In a world starved for yield, Australia appears to be a haven of attractive fixed-income returns, with 1.926% yields on AUD-denominated (AUDS) sovereign two-year bonds, which also happen to be rated AAA. Sounds pretty good.
Here's the yield curve in bps terms:
The attractive yields have led to widespread capital appreciation of Australian bonds and heavy ETF inflows. Here is the Bloomberg Australian Sovereign Fixed Income Index (only includes maturities >12mo):
There is however some cause for concern. Australia's source of currency strength, its high yields, may be about to become a source of currency weakness, according to UniCredit SpA's head of global FX strategy, Vasileios Gkionakis:
The margin for conventional monetary policy easing is much higher in Australia compared to Canada and Norway. So from that respect, I can easily see the markets pricing more rate cuts by the RBA compared to the Bank of Canada and the Norges Bank.
Note how strange a statement this is. Before 2008, we would not be talking about "ability" to ease - all that mattered was the will to do so. But as we (by which I really mean Japan!) approach some (arbitrarily-determined) lower bound (I don't see it anywhere... can someone point it out? It seems to me that we can just keep driving further and further down...), a difference of a few bps (ok, a few hundred, but still) makes a significant difference in the conduct of monetary policy and subsequently impacts currency flows.
Here's the "monetary wiggle-room differential" from BBG:
So that's something to look out for.
If the analysis pans out, that brings into question the fundamentals of the relationship between interest rates and currency valuations...
Perhaps a better paradigm for the causal loop is as such:
- High Yields --> Currency appreciation in short run, but...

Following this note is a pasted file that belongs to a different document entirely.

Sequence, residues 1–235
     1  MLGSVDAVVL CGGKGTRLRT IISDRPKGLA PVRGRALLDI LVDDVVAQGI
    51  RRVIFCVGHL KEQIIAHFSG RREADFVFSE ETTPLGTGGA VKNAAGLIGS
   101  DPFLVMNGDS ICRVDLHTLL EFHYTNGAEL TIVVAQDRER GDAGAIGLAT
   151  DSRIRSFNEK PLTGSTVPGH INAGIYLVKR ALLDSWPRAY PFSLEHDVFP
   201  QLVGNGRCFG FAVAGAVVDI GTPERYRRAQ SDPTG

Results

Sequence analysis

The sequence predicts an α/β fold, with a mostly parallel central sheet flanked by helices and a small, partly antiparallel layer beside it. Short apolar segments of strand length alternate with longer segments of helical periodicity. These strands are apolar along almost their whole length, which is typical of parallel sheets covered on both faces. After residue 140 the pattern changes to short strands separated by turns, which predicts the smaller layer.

- ...those very same high yields make easing more doable when needed, currency's interest rate sensitivity is higher --> earlier high yields have served in the medium term to depreciate, rather than appreciate the currency.
It's unlikely that this dynamic will fully or even marginally impact presumed validity of the traditional model. I fully acknowledge that, and there's not a chance I will use this as my new analytical paradigm.
Nonetheless, it is interesting to look at refutations of convention, because history has consistently proven that convention is just that - convention! There is no inherent reason that our assumptions are correct, so such "intellectual stress-testing" is a great way of getting to truth, which is the surest path to investment success.
Hopefully, this curious little dynamic helped to spur some introspection and thought.
Disclosure: I/we have no positions in any stocks mentioned, and no plans to initiate any positions within the next 72 hours.
I wrote this article myself, and it expresses my own opinions. I am not receiving compensation for it (other than from Seeking Alpha). I have no business relationship with any company whose stock is mentioned in this article.